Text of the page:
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12 Best Shows Like Willow To Watch Next

When "Willow" hit theaters in 1988, it's no exaggeration to say that there hadn't been anything quite like it. Though often underrated in conversations around SFX breakthroughs in film, it sported digital morphing technology that took movie graphics to another level. Likewise, though director Ron Howard had some big hits under his belt with "Splash" and "Cocoon," this remains one of the more overlooked films in his 1980s repertoire, pulling together many of the ongoing themes that made him one of the great filmmakers of his generation. Throw in a compelling dark fantasy, plenty of world-building, and the star power of Val Kilmer, Warwick Davis, and Joanne Whalley, and it remains a classic that's always ripe for a rewatch.

With its Disney+ sequel series, the "Willow" story continues. The original film saw Willow on a quest to bring a lost child to safety, only later realizing that the infant was a pivotal character in a drama thus far unseen. With decades between the original and the show, the eight-episode series shows a changed Willow, now a powerful mage. The world of complicated fantasy settings like "Lord of the Rings" and "House of the Dragon" are always great to get into, but the balance of lighthearted and grim is what made "Willow" as good as it is, and what might also make it a challenge for viewers to follow up on. Fortunately, we've got some recommendations.

The Sandman

Neil Gaiman's "The Sandman" comic series is remembered by many as one of the most influential comics of all time. Though the original run concluded after 75 issues, the universe has continued in many forms, including miniseries and one-shots, "The Dreaming" series that ran through the 1990s into the 2000s, or the recently relaunched Sandman Universe line of comics that has seen many stories on par with Gaiman's original vision, such as the top-notch "The Dreaming: Waking Life" and "House of Whispers" arcs. Clearly there's no shortage of new stories to be told, and Gaiman's tendency to pull in mythologies from every corner of the earth into a singular vision has become a delightful playground for some of comics' best creators in recent years.

For film and TV fans, however, "The Sandman" spent years in development, with many starts and stops along the way. As CGI evolved, the impossible slowly but surely became possible, and when Netflix finally released the first season of the series in 2022, it looked and felt like an updated take right out of the comic that so many know and love. Sporting an out-of-this-world cast, the story follows Dream of the Endless, one of the seven essential gods of the universe. When Dream is captured, his kingdom is placed in jeopardy, meaning that the very structure of the universe is suddenly thrown into question. Those high-stakes odds and A+ characters will be like catnip to "Willow" fans.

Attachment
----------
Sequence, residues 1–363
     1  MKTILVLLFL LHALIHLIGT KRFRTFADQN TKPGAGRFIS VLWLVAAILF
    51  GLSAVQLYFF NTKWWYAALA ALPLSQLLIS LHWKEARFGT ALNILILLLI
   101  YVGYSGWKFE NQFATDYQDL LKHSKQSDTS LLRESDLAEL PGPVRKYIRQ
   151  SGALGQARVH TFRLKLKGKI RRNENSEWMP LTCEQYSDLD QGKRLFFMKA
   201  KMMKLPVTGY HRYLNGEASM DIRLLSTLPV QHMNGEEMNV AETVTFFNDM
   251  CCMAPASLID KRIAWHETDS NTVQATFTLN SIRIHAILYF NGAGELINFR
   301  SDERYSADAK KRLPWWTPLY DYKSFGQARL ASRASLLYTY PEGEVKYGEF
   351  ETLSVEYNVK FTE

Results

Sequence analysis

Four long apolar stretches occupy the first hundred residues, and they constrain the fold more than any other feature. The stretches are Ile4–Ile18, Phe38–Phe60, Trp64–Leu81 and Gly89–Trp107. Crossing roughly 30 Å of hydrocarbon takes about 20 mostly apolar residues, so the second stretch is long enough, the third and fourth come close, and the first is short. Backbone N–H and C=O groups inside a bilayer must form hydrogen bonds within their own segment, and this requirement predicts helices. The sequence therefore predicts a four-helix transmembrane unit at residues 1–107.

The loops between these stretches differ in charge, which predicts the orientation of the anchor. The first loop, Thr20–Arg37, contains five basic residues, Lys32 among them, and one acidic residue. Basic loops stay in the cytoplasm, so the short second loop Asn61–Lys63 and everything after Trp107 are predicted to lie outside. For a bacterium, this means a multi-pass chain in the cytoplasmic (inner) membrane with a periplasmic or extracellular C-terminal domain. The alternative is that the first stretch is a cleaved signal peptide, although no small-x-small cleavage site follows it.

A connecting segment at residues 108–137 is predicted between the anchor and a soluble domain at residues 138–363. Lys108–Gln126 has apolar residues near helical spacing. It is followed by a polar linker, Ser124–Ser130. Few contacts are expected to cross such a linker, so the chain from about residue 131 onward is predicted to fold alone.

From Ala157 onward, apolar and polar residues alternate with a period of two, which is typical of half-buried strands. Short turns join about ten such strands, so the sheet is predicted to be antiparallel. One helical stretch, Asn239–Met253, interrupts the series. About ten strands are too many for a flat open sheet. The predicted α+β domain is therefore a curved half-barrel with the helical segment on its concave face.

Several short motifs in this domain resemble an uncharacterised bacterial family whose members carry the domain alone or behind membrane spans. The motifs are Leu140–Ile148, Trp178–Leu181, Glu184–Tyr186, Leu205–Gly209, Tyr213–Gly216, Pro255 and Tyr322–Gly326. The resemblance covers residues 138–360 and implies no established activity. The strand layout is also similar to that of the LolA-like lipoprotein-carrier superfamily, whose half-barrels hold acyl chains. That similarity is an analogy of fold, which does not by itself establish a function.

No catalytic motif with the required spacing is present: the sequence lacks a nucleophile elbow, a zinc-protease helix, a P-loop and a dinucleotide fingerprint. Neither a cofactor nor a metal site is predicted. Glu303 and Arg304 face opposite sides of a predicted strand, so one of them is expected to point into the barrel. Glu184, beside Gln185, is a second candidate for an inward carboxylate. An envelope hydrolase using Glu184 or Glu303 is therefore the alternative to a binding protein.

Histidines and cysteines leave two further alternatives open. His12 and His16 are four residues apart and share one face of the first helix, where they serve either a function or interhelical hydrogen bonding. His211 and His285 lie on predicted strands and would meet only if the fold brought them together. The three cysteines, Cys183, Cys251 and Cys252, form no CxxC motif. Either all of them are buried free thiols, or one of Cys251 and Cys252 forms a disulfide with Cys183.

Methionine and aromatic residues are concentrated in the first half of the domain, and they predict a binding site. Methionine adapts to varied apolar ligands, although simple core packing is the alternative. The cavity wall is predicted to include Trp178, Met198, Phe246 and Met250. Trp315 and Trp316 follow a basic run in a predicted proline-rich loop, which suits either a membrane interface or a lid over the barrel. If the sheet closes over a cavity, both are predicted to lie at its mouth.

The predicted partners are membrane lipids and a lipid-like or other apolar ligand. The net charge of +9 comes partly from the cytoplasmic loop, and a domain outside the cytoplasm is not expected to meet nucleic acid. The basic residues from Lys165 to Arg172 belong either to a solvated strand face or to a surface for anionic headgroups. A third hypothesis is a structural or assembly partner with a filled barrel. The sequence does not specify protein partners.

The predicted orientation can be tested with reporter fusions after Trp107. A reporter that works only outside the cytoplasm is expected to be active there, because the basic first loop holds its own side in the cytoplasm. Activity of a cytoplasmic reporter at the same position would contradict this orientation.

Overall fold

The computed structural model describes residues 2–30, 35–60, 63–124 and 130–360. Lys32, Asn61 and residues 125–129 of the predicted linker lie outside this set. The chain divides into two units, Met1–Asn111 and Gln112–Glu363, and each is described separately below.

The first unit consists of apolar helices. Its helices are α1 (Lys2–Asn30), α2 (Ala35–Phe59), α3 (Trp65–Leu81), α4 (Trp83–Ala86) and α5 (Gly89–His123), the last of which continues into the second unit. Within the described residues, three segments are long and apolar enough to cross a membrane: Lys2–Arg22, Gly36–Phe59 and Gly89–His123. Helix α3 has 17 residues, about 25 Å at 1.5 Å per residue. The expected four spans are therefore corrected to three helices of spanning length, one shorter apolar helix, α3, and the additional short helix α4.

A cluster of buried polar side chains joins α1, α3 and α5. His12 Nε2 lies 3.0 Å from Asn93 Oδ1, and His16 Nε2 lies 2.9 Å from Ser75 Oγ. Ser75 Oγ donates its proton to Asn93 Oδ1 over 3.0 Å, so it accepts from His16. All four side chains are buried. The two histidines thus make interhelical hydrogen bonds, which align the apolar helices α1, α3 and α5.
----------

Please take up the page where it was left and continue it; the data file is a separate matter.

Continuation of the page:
The King: Eternal Monarch

Though "Willow" is primarily a heroic fantasy, it doesn't go light on the romance, which is why its fans should follow it up with "The King: Eternal Monarch." Dialing up the romance to 11 while still retaining more than enough fantasy to keep genre fans engaged, this South Korean series introduces viewers to a doorway into an alternate dimension that destabilizes both worlds. Shifting between the different realities of the Kingdom of Korea and the Republic of Korea, the emperor of the Kingdom, Lee Gon, is on the run from the man who killed his father, Gon's uncle, Lee Lim. In the Republic, he encounters a detective named Jeong Tae-eul who can't help but join him on his quest to restore some sense of balance between the worlds.

While Lee Gon struggles to regain his footing in hopes of repairing the breach between the worlds and potentially bringing his uncle to justice, Lee Kim is building armies on both worlds as part of his plan for an inter-dimensional coup. As the show progresses, Tae-eul and Gon develop feelings for one another as their chemistry goes from minimal to through-the-roof. The high-stakes action and interpersonal dynamics will appeal to fans of "Willow," as will the villain Lee Lim, who is a top-notch villain in pursuit of a flute that will grant him immortality.

Wheel of Time

Robert Jordan's "Wheel of Time" books make up one of the most widely read fantasy series of its era, and while it took quite a while for it to be adapted to the screen, the timing couldn't have been better when it comes to finding a dedicated creative team working to bring the tale to life. In the "Wheel of Time" world, an organization of women known as the Aes Sedai have the gift of channeling the One Power. They train in preparation of the coming of the Dragon, who has the potential to either break or save the world. A small group of childhood friends from the small village of Two Rivers are identified for their strength and potential, and tasked with the heavy responsibility of saving the world.

Shifting the novel's POV character Rand to Moiraine, a member of the Aes Sedai, opened the series up to tell a very different kind of story. While a lot of the complex language and world-building of the novels has yet to make it to the screen, the character work and casting thus far has been top-notch in a way that has us on the edge of our seats awaiting the second season. This series will be a must-watch for fans of "Willow," featuring a similar journey rife with those who've been corrupted by their own power along the way.

The Witcher